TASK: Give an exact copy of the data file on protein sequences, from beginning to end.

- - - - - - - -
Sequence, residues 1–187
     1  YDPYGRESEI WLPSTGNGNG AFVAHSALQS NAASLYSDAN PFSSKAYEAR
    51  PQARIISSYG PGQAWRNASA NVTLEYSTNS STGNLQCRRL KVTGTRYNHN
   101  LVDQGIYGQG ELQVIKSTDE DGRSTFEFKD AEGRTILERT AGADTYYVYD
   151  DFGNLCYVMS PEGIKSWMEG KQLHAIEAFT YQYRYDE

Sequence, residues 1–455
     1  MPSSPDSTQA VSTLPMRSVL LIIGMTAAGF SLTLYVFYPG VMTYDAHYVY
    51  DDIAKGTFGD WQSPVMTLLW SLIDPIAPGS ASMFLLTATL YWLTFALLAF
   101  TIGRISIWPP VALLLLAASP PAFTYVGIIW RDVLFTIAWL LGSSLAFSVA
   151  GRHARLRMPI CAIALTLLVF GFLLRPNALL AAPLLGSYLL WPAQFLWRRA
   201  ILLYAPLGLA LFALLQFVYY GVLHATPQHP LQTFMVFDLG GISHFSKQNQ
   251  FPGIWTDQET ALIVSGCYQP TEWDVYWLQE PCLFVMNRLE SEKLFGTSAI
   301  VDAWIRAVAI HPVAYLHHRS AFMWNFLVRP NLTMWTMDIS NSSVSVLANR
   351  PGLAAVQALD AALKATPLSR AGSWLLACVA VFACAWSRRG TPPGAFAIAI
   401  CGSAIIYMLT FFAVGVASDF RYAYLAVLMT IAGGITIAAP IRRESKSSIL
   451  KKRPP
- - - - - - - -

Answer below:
Sequence, residues 1–187
     1  YDPYGRESEI WLPSTGNGNG AFVAHSALQS NAASLYSDAN PFSSKAYEAR
    51  PQARIISSYG PGQAWRNASA NVTLEYSTNS STGNLQCRRL KVTGTRYNHN
   101  LVDQGIYGQG ELQVIKSTDE DGRSTFEFKD AEGRTILERT AGADTYYVYD
   151  DFGNLCYVMS PEGIKSWMEG KQLHAIEAFT YQYRYDE

Sequence, residues 1–455
     1  MPSSPDSTQA VSTLPMRSVL LIIGMTAAGF SLTLYVFYPG VMTYDAHYVY
    51  DDIAKGTFGD WQSPVMTLLW SLIDPIAPGS ASMFLLTATL YWLTFALLAF
   101  TIGRISIWPP VALLLLAASP PAFTYVGIIW RDVLFTIAWL LGSSLAFSVA
   151  GRHARLRMPI CAIALTLLVF GFLLRPNALL AAPLLGSYLL WPAQFLWRRA
   201  ILLYAPLGLA LFALLQFVYY GVLHATPQHP LQTFMVFDLG GISHFSKQNQ
   251  FPGIWTDQET ALIVSGCYQP TEWDVYWLQE PCLFVMNRLE SEKLFGTSAI
   301  VDAWIRAVAI HPVAYLHHRS AFMWNFLVRP NLTMWTMDIS NSSVSVLANR
   351  PGLAAVQALD AALKATPLSR AGSWLLACVA VFACAWSRRG TPPGAFAIAI
   401  CGSAIIYMLT FFAVGVASDF RYAYLAVLMT IAGGITIAAP IRRESKSSIL
   451  KKRPP